We've been out playing with the mighty Kawasaki ZX-12R today after letting it languish in the shed for far too long. It was an exercise that reminded us just how much fun they are. Maybe we'll do it again tomorrow...

See the story on this example;

And our profile of the model.

Hodaka at Mecum, Jan 26

hodaka mecum

The sheer size of the current Mecum Las Vegas classic motorcycle auction (2000 lots) means you can mention almost any motorcycle and there's a good chance of finding one, possibly several, up for sale.

And so it is with Hodaka, the quirky Japanese-American dirt bike brand that emerged in 1964 and fell over in 1978.

Aside from building around 150,000 nimble and tough little single-cylinder two-strokes over that period, their greatest achievement was in naming them.

Our two favourites are the Combat Wombat and Road Toad. You can guess what they were smoking in the marketing department...

There is still a fair number around and a dedicated business in the USA, owned by Terry and Bev Larson of Missouri, that supplies parts.

They're very much a niche motorcycle these days, so we nearly choked on our whiskey when we saw a prime 1971 model (top left in the pic) sell for Au$18,400 (US$12,100, GB£9500). See the lot here.

And the auction here.

Buell Battletwin reunion, Jan 26

Buell battletwin

It's not often you get to cuddle up to a demo motorcycle you rode 35-ish years ago, but that was the case today with this 1989 Buell RR 1200 Battletwin. The then new distributor, Mike S, was brave enough to give muggins and a few others a taste of what is now a very rare motorcycle.

Current owner Alec S has stitched it back together and has it running – a fantastic project which we'll unwrap and share at some stage once he has one or two little issues sorted.

See the RR 1200 backgrounder at Motorcycle Specs.

See our feature on air-cooled Buells;

And our story on the Buell 1125R series.

2000 bikes under the hammer, Jan 24

              auction motorcycles 2024

New owners sought for 2000 machines: that's the claim by USA auction house Mecum, for its annual January collectible motorcycle auction in Las Vegas.

The event is now underway and runs through to January 27.

Our first pic shows some early results, in US dollars (multiply by 1.5 for Australian).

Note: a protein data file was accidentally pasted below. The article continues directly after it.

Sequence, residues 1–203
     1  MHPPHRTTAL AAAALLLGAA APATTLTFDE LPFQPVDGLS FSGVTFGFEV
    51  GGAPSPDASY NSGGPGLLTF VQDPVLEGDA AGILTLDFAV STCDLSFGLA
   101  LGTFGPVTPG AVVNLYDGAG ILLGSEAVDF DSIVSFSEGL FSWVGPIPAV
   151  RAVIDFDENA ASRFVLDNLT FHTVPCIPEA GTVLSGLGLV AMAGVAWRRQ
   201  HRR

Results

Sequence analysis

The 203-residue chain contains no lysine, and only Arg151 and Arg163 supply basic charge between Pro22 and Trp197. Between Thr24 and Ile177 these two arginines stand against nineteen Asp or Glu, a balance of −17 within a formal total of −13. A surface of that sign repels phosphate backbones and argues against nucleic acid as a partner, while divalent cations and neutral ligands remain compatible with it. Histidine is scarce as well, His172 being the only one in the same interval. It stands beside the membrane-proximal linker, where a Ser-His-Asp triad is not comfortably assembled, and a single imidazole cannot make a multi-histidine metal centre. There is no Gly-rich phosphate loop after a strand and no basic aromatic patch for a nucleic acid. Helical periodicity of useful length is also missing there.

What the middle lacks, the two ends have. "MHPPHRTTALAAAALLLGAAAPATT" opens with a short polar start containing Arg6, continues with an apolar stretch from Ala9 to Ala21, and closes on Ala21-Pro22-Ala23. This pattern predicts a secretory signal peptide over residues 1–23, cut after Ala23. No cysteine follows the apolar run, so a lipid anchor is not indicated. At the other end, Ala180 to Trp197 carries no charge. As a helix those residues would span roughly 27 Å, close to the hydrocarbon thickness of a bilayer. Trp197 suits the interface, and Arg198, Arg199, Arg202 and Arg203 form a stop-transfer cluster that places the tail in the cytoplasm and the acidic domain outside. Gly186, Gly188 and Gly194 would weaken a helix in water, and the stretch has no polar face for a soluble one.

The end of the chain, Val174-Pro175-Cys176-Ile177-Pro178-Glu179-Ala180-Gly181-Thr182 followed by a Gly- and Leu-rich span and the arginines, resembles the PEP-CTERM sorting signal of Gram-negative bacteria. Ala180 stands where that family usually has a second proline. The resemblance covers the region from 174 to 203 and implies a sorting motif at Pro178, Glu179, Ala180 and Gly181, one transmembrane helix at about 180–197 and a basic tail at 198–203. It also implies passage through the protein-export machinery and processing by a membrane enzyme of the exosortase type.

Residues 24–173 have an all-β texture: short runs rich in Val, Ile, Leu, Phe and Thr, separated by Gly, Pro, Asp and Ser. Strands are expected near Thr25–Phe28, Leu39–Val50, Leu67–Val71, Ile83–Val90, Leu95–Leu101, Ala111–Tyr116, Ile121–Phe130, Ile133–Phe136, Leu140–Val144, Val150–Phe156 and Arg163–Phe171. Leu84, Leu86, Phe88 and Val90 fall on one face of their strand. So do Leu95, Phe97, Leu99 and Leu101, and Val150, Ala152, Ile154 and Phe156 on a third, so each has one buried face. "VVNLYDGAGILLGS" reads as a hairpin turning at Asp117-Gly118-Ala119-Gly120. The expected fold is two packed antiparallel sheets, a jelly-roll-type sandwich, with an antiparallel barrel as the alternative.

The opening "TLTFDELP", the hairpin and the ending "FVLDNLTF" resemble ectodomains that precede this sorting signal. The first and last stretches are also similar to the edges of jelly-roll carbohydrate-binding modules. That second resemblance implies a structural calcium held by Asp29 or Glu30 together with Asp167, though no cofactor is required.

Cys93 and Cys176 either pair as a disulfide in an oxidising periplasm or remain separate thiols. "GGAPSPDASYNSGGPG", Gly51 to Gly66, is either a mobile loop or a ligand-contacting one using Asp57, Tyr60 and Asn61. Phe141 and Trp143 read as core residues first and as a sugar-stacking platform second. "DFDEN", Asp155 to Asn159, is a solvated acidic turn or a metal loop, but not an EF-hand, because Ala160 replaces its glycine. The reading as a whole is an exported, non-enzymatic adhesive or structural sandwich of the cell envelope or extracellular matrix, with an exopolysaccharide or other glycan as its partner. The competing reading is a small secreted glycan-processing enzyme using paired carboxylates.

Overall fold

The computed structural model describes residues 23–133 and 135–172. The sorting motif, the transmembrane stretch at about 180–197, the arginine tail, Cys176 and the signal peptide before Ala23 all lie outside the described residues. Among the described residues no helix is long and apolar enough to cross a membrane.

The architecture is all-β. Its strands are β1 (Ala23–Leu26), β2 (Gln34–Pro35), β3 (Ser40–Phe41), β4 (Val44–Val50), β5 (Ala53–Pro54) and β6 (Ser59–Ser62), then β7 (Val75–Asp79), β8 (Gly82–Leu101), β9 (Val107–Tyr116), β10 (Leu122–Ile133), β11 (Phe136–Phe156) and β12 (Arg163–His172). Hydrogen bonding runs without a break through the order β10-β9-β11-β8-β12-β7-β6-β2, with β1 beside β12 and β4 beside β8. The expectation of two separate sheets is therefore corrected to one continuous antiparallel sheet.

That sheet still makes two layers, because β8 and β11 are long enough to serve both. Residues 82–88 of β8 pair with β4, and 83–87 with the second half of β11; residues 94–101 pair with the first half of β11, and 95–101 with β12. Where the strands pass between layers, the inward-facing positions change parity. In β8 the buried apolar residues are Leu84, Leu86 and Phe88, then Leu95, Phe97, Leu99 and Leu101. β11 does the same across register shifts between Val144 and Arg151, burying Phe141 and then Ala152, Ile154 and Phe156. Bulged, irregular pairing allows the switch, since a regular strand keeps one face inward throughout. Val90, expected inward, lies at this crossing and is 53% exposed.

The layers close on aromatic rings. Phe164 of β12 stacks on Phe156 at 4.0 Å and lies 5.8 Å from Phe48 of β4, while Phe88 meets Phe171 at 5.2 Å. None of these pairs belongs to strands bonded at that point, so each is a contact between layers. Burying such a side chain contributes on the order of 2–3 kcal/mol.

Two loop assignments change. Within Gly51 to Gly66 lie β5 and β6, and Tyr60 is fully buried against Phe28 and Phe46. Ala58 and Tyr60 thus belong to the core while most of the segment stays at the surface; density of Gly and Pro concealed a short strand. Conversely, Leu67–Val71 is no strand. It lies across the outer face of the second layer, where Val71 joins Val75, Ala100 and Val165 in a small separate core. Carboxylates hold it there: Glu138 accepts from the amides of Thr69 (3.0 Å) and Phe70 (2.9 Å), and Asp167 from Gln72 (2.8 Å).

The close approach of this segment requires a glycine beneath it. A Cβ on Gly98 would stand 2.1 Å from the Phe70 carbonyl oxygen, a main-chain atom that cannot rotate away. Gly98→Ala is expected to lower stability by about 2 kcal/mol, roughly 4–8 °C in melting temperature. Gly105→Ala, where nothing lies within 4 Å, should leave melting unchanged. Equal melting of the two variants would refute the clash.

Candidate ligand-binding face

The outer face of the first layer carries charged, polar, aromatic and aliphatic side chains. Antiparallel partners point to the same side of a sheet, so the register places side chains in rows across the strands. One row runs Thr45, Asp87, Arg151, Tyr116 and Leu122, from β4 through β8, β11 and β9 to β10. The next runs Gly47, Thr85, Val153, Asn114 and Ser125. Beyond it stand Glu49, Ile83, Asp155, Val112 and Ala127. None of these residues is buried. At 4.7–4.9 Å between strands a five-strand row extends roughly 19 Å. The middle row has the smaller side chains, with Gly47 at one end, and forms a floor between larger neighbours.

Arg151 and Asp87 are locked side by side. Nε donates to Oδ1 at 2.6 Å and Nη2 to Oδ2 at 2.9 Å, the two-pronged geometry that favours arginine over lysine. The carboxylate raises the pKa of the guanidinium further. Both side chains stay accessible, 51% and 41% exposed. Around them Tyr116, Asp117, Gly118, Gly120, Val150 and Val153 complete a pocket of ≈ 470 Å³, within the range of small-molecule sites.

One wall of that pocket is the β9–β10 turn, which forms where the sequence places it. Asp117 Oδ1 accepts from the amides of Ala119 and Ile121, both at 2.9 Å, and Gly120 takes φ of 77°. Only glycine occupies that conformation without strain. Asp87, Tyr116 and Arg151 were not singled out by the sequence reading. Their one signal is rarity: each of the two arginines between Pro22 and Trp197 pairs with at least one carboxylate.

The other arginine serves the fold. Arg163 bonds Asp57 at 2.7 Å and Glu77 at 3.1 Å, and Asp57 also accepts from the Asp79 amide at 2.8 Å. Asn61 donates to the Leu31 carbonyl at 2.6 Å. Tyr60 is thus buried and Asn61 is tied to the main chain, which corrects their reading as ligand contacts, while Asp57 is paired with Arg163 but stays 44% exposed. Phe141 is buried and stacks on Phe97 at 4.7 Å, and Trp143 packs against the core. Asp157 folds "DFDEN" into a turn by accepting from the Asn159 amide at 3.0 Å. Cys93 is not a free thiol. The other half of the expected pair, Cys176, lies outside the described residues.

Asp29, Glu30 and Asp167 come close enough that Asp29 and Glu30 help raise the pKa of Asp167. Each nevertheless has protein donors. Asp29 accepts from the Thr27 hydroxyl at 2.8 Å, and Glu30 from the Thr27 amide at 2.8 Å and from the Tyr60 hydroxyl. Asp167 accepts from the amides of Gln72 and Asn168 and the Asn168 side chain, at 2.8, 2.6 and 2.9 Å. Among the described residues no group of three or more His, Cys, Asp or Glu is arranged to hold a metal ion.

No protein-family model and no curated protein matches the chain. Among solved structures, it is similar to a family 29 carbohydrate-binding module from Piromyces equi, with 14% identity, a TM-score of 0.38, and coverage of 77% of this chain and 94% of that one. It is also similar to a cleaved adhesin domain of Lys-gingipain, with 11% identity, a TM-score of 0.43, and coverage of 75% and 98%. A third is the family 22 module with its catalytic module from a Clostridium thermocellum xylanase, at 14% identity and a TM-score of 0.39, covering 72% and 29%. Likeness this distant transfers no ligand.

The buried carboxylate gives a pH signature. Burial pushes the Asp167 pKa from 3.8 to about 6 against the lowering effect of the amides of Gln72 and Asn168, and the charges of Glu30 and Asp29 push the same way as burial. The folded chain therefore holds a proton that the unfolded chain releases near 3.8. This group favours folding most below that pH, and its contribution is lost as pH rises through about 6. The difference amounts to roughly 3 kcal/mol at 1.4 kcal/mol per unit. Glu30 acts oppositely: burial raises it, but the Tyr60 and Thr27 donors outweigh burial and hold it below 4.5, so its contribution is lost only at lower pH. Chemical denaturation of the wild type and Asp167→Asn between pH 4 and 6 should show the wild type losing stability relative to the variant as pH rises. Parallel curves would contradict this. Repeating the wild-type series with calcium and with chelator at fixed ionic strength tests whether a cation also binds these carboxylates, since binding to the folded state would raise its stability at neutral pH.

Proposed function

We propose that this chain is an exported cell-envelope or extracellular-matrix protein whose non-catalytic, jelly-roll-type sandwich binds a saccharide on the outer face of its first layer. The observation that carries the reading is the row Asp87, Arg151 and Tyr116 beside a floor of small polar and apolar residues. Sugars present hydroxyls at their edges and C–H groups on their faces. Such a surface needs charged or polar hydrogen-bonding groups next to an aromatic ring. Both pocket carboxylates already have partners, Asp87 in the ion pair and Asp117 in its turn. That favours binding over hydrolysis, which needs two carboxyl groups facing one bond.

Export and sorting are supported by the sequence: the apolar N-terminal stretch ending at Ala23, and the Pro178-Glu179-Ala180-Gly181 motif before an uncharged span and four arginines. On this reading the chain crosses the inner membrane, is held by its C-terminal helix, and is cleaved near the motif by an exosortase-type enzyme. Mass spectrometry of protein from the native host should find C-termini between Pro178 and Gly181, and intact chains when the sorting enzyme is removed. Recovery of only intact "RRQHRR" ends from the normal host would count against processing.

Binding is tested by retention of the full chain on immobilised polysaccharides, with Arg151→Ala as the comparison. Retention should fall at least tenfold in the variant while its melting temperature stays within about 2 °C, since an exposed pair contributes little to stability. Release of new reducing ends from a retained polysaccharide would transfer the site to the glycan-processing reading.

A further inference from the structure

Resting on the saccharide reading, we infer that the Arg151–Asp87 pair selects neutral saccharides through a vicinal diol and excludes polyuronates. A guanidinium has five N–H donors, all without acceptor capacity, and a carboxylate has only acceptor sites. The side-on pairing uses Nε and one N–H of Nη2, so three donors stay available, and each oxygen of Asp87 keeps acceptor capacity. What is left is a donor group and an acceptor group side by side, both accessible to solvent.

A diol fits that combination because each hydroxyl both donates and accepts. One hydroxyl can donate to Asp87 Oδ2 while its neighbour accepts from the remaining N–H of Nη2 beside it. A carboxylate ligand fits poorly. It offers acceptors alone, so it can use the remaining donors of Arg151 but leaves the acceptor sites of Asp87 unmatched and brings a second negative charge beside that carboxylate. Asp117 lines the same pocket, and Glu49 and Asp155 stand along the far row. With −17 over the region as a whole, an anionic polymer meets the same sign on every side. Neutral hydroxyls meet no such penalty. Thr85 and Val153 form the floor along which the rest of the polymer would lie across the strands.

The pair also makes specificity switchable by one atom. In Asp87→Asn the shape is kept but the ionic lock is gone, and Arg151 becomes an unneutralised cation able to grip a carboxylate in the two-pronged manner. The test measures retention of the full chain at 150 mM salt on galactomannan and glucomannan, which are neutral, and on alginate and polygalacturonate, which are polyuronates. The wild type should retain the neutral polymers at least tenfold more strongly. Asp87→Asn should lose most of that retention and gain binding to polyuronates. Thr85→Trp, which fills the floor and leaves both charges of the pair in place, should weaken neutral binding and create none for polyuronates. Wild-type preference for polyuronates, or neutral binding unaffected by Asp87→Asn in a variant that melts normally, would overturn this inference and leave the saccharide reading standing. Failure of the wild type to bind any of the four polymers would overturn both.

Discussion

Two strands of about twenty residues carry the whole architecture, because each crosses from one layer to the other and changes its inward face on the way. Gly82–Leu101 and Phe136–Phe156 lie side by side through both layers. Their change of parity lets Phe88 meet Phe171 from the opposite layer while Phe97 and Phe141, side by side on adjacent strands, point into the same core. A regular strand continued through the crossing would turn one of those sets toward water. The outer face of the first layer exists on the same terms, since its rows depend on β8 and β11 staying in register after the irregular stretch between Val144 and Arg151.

harley davidson 7d

Meanwhile the highest value lot is likely to be the 1911 Harley-Davidson 7D twin, which the auctioneers says is one of four known survivors from the first year of H-D V-twin production.

The 811cc engine was rated at 7hp and this example is a runner.

Mecum has set the estimate at Au$600-760,000 (US$400-500,000, GB£300-400,000). See it here.

See the full catalogue here.

Supercharged Jawa for auction, Jan 23

Jawa perak

Donington Auctions in Melbourne has a unique supercharged 1950 Jawa Perak coming up on March 4.

Bought off the showroom floor as a road bike, the twin-port 250 two-stroke saw plenty of use before the owners, Reg and June Wingard of South Australia, decided it was going racing.

Like a lot machines of the era, it saw competition both on road race and scrambles tracks.

The couple developed and made their own supercharger for the machine, which was once timed at 167km/h!

See the auction here. The estimate is Au$20-30,000 (US$13-20,000, GB£10-16,000).

A little Jawa background: For many the name conjures up visions of the Czech company’s hordes of mainstream two-strokes, some very quick road racers, plus of course the long-running and formidable speedway four-strokes.

More recently, the brand has undergone a revival out of India.

Bill Ivy JawaV4

Among the marque’s more impressive technical achievements was the 1968-69 350 V4 two-stroke grand prix bike, running a very high 16:1 compression ratio. The machine, called the Model 673, made 60hp at 13,000rpm for a top speed of around 260km/h. The pic shows Bill Ivy in action on it.

Though it showed some promising results, with Ivy giving Giacomo Agostini's MV Agusta a hurry-up at times, it never reached its full potential.

See the AMCN story on the V4.

Old paint wins over new paint, Jan 23

Indian Four model

When it comes to highly collectible vehicles, it seems unrestored still wins over restored. The latest example is a 1930 Model 401 Indian Four in fairly crusty shape, which was sold by Bring a Trailer in the USA this week for Au$310,000 (US$205,000, GB£161,000).

Indian Four
              model 402

Mecum sold a restored 1931 model last year for Au$241,000 (US$159,200, GB£125,000).

Indian Four
              model 402